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Rio de Janeiro is one of the richest cities in Latin America, with a diverse economy covering finance, manufacturing and tourism among its developed sectors. As well as benefiting from rich natural resources, Brazil also has a large population, making businesses truly scaleable. On top of this, Rio in particular is still basking in its role hosting the 2014 football world cup, and 2016 olympics, which boosted the tourist sector to nearly 10% of local GDP.
What’s possibly most impressive about Rio is the pace of economic growth, which was one of the arguments in favour of the city hosting the recent Olympics. Having been the capital of Brazil for centuries before the title was transferred to Brasilia in 1960, Rio is home to many long established local and global companies who support the city’s economic growth and relative stability.
Like all of the large cities in Brazil, Rio de Janeiro has a large expat population, which is well catered for socially and in terms of career opportunities. If you’re thinking of a move to Brazil, for the lifestyle or to give your career a boost, then check this guide to getting a job in Rio.
Before you start to look for a job in Rio de Janeiro, check if there are any steps you need to take before you're able to work legally there.
Brazil has reciprocal arrangements with many countries (with the notable exception of America), which allow visa free entry for short term tourist visits. However, in most cases, in order to work legally you'll need both a residence permit and a work visa, which have to be applied for through your local Brazilian embassy.
Usually you'll need to have a solid job offer before you can apply for the work visa, but you can arrange your residence permit first, and then move onto the work permit once your job is confirmed. Your employer will have to start the process with the Ministry of Labour, and you can track the progress of your visa application online through the visa portal.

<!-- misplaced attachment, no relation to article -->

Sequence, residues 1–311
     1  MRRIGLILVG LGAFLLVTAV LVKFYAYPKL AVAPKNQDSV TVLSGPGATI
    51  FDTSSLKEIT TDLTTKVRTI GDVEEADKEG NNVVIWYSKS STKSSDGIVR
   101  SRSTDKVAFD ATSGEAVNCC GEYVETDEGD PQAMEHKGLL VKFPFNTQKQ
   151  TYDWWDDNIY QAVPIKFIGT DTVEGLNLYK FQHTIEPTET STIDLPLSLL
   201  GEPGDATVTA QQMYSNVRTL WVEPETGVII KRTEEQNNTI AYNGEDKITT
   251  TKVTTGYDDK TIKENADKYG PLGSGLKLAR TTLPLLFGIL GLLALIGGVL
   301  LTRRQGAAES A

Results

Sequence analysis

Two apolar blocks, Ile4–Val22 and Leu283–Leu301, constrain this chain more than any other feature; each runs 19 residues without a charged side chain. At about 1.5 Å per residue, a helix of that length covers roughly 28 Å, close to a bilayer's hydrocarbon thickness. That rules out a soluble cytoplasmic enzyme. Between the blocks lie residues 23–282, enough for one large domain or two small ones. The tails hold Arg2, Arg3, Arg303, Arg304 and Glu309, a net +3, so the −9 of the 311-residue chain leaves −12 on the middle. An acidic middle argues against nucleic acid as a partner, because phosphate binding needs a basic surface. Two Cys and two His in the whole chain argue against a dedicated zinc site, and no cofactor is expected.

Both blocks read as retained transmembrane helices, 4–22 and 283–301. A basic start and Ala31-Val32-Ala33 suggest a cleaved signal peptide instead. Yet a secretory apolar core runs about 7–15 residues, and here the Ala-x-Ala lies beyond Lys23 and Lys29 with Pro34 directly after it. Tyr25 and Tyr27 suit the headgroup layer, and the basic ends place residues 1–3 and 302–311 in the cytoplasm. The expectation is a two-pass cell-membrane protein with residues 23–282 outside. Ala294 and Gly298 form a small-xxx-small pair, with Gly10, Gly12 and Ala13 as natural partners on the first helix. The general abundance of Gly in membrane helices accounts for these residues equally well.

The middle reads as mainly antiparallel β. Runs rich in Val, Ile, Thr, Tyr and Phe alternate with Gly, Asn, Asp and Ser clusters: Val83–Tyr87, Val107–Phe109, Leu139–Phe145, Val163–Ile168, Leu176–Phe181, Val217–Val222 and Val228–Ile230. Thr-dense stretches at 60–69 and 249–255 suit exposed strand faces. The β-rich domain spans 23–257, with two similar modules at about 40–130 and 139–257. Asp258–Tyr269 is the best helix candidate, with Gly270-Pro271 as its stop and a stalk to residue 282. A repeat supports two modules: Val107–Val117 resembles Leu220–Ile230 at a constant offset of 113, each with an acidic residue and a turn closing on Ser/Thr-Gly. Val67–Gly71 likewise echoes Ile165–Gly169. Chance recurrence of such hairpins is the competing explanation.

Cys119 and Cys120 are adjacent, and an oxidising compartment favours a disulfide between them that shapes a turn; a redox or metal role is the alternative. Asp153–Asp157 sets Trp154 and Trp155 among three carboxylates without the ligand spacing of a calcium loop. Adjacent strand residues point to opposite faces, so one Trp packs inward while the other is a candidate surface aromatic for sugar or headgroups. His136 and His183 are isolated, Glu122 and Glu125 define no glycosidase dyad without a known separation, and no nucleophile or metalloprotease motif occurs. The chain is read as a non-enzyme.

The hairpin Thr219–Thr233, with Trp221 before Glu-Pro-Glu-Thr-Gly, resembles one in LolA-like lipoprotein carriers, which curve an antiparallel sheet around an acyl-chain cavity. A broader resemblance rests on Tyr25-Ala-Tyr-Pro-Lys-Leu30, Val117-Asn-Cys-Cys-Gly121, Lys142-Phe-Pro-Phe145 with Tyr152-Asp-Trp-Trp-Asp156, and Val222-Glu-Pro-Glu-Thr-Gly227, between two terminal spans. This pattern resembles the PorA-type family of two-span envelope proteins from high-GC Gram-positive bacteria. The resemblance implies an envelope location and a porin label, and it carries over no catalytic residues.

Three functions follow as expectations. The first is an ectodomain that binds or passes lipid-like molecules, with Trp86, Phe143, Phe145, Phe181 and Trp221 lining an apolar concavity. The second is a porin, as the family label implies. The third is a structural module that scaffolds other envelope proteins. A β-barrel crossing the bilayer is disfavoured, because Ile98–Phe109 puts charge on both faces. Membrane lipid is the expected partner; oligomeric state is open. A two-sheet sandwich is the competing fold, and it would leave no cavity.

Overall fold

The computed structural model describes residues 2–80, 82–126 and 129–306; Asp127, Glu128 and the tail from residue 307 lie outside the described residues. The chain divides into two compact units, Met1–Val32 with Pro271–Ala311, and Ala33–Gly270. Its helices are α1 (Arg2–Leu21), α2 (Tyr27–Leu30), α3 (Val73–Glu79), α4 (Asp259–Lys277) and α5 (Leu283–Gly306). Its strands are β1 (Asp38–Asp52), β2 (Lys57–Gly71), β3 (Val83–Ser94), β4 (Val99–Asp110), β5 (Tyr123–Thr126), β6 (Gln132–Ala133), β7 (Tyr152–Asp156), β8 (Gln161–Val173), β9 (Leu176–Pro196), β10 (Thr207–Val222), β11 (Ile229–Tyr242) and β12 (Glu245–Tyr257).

In some cases you might need to leave and then re-enter the country to validate your new permits. For example, this applies if you were in Brazil on a tourist visa and wish to change it to a work visa. The process is relatively complex, so taking the advice of your local embassy (and considering employing the services of an immigration attorney or agent) is advisable.
It's a good idea to research the local economy in Rio, to get a sense for the types of jobs that might be available for you.
Mining, oil and Gas are large industries in Rio, meaning that there are jobs in these sectors including engineering and the support functions of large businesses. GE Global Research has a facility in Rio de Janeiro and recruit roles across various functions, and Petrobras is also a prominent feature in Rio.
Rio jobs in finance can be found through a specialist recruiter, or a specific search on a popular job board. Because there are so many large international companies with a presence in Rio, finance jobs in a corporate environment are commonly available at a range of different levels.
Education is a good place to look for jobs for English speakers in Brazil. There are opportunities to work in established schools or as a private teacher or tutor in Rio de Janeiro. Your chances are boosted if you have a relevant qualification, experience, or are a native English speaker.
Otherwise, if you're wanting to work while you explore the city, looking for a job at a hotel, hostel, or bed and breakfast is a good idea. Rio has a developed tourist industry, so there are oftenhospitality sector vacancies and fluency in different languages is a bonus.
Of course, you’ll want to know more about the salaries and costs of living in Brazil, and specifically Rio de Janeiro. If you have a company or role in mind, Glassdoor can be a great way of gaining insight into the company culture and likely salary ranges on offer. For cost of living information compared to your current home, try Numbeo, where you can compare costs of rent, groceries, utilities and other daily expenses.
When it comes to job hunting, the internet is your friend. Aside from the most popular job sites like LinkedIn, Indeed and Monster which cover more or less the entire globe, there are also lots of local sites to choose from.